For a while now there’s been a buzz in the WordPress community about Gutenberg. Overall the Gutenberg project will provide a big update to WordPress. The initial introduction of Gutenberg is as a content editor. The Gutenberg Editor will replace the current WordPress Visual Editor. This new editor will change the way we add and edit content in WordPress pages and posts.
For now, WordPress users have the option to install and activate the Gutenberg plugin to replace the Classic Editor. Once WordPress updates to 5.0, the default editor will be the Gutenberg Editor instead of the Classic Editor.
But don’t worry – WordPress has not abandoned you. You will still be able to revert to the Classic Editor. This transition time between Editors offers a perfect opportunity to learn the Gutenberg way.
The Classic WordPress Visual Editor
This is what you see when you add a new page or post: the Classic WordPress Visual Editor. It’s a lot like the editor in Microsoft Word. And it has its limitations.
According to Matt Mullenweg, “The editor will create a new page- and post-building experience that makes writing rich posts effortless, and has “blocks” to make it easy what today might take shortcodes, custom HTML, or “mystery meat” embed discovery.”
I agree that you will have a new experience when adding content but I have been pleasantly surprised at how intuitive many of the blocks are. And that it is not a huge leap from the Classic Visual Editor to the Gutenberg Editor. Still, content creators will need to spend some dedicated time learning the ins and outs of Gutenberg.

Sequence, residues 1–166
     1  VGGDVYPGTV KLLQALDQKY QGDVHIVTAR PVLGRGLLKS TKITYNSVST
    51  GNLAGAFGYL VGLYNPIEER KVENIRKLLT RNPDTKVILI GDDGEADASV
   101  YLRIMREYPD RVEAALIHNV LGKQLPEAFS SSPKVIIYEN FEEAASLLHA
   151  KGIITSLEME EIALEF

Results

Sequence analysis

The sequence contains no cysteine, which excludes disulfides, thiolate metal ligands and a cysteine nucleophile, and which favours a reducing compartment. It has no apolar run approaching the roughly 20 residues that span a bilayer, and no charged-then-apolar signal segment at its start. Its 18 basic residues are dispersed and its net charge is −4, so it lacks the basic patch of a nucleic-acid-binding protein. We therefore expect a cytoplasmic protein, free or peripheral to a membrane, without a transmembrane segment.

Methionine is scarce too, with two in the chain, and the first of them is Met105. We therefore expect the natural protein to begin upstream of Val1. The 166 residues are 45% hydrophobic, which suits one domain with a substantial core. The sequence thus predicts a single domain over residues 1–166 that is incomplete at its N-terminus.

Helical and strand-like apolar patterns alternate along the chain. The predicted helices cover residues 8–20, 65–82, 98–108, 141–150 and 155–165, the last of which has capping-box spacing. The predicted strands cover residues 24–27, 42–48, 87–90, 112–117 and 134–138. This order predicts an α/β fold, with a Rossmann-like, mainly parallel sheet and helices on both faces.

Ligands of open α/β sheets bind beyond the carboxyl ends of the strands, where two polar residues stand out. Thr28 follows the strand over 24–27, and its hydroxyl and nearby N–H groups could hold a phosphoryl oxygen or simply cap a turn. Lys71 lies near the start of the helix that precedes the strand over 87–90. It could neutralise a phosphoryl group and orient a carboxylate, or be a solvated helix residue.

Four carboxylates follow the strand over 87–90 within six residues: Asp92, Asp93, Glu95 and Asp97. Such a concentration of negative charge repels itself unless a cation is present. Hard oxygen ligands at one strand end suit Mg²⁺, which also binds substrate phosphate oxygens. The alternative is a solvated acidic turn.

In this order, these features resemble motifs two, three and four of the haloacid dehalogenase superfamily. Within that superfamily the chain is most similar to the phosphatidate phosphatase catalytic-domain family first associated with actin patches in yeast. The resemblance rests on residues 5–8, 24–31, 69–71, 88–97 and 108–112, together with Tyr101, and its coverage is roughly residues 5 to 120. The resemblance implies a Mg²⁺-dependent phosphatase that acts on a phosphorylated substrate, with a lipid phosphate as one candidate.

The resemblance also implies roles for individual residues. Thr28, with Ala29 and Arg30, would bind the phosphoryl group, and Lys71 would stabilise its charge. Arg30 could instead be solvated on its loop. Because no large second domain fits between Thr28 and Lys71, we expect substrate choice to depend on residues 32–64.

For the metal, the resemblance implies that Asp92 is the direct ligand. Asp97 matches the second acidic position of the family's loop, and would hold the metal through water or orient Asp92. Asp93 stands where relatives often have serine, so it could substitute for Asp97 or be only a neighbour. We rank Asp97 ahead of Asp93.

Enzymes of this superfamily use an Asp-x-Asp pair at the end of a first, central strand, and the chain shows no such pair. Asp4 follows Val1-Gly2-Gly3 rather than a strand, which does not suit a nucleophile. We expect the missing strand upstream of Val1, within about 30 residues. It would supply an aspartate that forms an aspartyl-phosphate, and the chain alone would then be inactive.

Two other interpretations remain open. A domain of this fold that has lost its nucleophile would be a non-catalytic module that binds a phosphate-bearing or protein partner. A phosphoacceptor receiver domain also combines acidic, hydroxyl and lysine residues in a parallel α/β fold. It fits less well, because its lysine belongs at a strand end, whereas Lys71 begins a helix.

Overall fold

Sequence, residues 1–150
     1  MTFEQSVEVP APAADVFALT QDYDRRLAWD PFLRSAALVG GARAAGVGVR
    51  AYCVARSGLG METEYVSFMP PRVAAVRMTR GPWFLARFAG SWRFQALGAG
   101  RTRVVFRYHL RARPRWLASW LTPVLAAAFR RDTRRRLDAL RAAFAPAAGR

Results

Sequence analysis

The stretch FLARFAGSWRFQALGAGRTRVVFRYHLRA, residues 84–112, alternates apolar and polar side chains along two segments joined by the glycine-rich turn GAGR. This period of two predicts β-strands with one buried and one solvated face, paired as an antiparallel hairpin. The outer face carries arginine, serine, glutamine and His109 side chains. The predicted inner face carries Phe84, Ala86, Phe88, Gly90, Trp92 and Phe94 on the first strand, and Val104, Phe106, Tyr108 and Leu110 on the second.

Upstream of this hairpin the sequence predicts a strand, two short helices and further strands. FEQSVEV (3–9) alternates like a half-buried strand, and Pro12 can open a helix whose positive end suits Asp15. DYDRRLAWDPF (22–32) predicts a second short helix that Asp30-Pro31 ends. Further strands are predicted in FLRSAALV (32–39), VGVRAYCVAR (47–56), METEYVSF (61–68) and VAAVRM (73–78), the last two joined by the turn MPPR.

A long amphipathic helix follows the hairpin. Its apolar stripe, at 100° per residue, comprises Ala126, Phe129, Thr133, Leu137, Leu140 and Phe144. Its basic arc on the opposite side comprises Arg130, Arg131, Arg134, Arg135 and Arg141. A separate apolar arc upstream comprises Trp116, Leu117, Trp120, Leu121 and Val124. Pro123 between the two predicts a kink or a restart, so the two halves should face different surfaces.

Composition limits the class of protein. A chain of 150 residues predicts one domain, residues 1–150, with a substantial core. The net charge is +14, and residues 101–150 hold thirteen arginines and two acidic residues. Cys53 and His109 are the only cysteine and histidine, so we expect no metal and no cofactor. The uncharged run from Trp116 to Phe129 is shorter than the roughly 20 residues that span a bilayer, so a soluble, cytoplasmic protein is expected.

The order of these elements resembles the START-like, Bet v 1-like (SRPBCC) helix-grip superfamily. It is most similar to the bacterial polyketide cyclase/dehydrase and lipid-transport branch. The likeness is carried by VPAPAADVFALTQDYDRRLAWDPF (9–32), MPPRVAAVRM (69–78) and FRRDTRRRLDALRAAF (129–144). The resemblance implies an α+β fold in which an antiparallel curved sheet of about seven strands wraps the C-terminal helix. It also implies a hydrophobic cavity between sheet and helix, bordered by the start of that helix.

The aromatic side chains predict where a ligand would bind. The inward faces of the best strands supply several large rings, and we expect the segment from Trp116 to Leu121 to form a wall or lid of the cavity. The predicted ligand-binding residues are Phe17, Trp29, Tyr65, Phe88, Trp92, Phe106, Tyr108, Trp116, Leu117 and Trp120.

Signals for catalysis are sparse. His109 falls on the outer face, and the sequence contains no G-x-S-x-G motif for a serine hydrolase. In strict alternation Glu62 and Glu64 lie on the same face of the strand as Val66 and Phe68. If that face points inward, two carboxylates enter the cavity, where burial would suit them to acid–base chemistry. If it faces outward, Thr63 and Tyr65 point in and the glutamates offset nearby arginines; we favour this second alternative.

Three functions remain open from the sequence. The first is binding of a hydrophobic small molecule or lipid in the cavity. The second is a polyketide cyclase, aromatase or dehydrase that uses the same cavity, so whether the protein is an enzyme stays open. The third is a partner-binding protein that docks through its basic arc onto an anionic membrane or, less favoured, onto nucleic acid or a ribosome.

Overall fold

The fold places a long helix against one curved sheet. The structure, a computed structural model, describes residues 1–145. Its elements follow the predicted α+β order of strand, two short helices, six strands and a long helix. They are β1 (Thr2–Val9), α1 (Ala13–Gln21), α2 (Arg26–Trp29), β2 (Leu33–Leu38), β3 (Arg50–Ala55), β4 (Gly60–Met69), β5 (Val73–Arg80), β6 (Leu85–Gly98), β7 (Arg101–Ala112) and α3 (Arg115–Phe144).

The Gutenberg Editor
And here is a sneak peek of the new Gutenberg editor. Each element is a block. So if you want a heading, you add a heading block. For an image, you add an image block. A button block creates a button that you can style (within limits).
Some Gutenberg Blocks are Still in Beta
Currently, some features of the Gutenberg Editor are still in beta [being tested out and tweaked]. For example, if you select the column block, there are some styling issues – no spaces between the columns and a little extra CSS is needed to have the blocks look professional.
We’re confident that WordPress will have these challenges ironed out before WordPress v.5 comes out and Gutenberg is the default editor.
For Those of You Worried About the New Editor
In spite of WordPress’s best efforts to introduce Gutenberg gradually and with a lot of support, we know that there are many of you who are worried about a new editing environment.
And some of you simply don’t have the time to self-teach. We will offer a half-day training for students and clients who want an introduction to the Gutenberg Editor.
Send us an email. We’ll add you to an interested list. And we’ll keep you informed about a workshop on Rocking Gutenberg.